Policing and Teaching: The Positioning of Black Male Teachers as Agents in the Universal Carceral Apparatus

Abstract

Given the challenging in- and out-of-school outcomes that some boys and young men of color exhibit, researchers, policymakers, and practitioners have advocated for increasing the number of Black male teachers. This strategy is predicated on the belief that having same-race and same-gender teachers can improve student learning. Drawing on Shedd’s Universal Carceral Apparatus and Brown’s Pedagogical Kind, this study used the qualitative method, specifically phenomenology, to explore the school-based experiences of 27 Black male teachers across 14 schools in one urban school district. Participants perceived that their peers and school administrators positioned them to serve primarily as disciplinarians first and teachers second. The Black male teachers described how their colleagues expected them to redirect student misbehavior. They rejected the idea that they were magically constructed or that students who were deemed as misbehaving responded to the teachers’ redirection simply because they were Black men. Instead, participants described how they attended to students’ social and emotional development, thereby influencing their capacity to engage and manage perceived misbehavior. Implications for future research are presented at the conclusion of the study.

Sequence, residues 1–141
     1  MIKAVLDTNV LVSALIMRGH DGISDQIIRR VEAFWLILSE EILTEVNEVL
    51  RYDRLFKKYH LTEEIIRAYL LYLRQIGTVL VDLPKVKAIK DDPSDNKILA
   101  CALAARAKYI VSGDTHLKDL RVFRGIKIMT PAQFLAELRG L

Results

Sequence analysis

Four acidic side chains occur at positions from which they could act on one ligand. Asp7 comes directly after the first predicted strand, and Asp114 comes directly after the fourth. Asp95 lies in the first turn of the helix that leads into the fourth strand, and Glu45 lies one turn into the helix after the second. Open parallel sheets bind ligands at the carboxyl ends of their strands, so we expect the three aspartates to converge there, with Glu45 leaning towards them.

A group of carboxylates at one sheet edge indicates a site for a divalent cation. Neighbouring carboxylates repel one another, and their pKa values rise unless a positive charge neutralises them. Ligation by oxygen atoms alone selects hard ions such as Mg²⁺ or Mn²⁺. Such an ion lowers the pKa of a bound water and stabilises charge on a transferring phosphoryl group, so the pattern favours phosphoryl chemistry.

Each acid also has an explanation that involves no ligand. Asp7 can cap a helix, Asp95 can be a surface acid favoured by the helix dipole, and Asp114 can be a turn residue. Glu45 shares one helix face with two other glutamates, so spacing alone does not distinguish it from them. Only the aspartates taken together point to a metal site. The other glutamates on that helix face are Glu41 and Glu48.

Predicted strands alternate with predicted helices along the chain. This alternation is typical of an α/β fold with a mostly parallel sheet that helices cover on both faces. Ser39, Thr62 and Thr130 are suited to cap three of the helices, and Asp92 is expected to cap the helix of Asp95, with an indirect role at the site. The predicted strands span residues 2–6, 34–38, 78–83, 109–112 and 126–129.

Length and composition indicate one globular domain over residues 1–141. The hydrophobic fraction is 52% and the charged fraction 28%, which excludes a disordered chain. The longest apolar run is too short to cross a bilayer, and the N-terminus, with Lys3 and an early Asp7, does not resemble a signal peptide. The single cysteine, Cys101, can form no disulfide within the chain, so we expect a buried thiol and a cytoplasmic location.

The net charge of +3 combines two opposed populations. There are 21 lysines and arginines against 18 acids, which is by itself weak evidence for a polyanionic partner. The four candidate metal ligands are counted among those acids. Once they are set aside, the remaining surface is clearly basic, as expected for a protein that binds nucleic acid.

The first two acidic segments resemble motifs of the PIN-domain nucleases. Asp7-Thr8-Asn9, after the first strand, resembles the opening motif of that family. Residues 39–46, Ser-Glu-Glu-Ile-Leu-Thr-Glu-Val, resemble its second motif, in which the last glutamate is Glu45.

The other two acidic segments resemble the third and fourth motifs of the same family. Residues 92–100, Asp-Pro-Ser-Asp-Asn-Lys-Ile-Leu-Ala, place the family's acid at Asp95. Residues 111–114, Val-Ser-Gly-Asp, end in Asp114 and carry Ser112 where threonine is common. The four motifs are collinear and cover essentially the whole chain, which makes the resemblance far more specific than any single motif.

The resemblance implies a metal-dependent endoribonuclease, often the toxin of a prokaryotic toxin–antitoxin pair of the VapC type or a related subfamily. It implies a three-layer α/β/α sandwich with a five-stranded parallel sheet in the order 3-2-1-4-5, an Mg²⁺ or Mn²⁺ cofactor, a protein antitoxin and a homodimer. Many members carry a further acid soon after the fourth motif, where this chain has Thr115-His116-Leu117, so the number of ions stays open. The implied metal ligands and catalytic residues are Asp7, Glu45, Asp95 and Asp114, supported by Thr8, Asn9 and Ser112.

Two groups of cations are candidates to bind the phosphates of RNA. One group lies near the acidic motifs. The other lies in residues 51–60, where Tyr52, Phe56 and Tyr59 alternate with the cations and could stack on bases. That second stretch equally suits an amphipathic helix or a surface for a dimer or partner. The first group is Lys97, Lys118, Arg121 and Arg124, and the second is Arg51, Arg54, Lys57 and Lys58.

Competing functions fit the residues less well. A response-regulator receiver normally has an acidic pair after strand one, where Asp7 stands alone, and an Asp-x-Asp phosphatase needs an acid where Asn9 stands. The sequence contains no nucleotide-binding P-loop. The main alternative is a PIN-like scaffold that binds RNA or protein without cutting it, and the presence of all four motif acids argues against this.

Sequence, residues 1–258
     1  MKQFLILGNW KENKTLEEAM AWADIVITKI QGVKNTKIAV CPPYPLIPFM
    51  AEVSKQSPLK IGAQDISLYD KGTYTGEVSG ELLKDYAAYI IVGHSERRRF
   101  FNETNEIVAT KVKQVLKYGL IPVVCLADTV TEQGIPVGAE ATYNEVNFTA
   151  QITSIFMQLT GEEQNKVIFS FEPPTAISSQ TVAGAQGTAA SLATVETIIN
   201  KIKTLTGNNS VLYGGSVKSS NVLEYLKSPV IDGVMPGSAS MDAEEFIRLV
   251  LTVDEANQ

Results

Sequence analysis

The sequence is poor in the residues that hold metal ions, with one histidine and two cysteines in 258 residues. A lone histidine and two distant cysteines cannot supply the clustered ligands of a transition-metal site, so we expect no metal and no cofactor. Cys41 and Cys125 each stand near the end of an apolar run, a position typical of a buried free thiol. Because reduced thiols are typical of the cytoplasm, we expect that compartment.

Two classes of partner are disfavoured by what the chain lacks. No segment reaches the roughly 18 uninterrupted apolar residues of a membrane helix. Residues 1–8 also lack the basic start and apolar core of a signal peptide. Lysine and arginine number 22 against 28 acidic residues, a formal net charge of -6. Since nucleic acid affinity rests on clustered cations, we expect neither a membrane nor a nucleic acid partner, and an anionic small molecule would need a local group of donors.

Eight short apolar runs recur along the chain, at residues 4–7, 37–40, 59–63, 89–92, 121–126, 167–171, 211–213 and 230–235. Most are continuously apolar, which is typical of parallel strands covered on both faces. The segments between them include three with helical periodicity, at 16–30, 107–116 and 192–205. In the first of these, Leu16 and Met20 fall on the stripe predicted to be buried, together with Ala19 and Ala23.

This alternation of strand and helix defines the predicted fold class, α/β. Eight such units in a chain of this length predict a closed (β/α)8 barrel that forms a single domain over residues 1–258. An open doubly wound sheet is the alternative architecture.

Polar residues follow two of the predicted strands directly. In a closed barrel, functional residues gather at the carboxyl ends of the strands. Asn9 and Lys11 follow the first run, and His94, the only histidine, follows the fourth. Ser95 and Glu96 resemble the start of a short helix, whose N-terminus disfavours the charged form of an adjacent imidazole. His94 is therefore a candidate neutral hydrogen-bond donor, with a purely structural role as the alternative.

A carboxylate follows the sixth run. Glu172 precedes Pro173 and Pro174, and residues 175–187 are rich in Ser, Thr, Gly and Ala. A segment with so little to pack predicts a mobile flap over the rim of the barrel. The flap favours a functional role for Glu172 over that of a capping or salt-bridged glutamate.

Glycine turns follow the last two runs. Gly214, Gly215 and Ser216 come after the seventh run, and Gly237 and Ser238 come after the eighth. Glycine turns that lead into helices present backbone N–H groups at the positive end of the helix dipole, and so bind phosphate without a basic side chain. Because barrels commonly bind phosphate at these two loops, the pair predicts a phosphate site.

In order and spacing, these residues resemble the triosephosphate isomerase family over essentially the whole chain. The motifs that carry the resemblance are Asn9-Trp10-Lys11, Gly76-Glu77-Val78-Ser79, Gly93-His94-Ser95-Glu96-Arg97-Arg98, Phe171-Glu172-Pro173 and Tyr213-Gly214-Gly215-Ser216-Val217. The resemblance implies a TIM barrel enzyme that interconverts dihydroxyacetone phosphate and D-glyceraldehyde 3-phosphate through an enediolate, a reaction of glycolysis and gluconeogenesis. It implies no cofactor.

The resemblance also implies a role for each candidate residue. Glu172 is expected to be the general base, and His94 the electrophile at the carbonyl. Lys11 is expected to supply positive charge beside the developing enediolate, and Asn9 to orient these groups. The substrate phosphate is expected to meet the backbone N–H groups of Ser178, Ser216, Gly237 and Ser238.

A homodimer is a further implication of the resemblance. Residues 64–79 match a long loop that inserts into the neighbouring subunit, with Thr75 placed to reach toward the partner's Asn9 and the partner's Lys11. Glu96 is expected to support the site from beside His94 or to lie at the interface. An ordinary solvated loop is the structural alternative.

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Correspondence to Travis J. Bristol.

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Bristol, T.J., Mentor, M. Policing and Teaching: The Positioning of Black Male Teachers as Agents in the Universal Carceral Apparatus. Urban Rev 50, 218–234 (2018). https://doi.org/10.1007/s11256-018-0447-z

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Keywords

  • Urban education
  • Black male teachers
  • Teacher roles
  • Policing
  • Discipline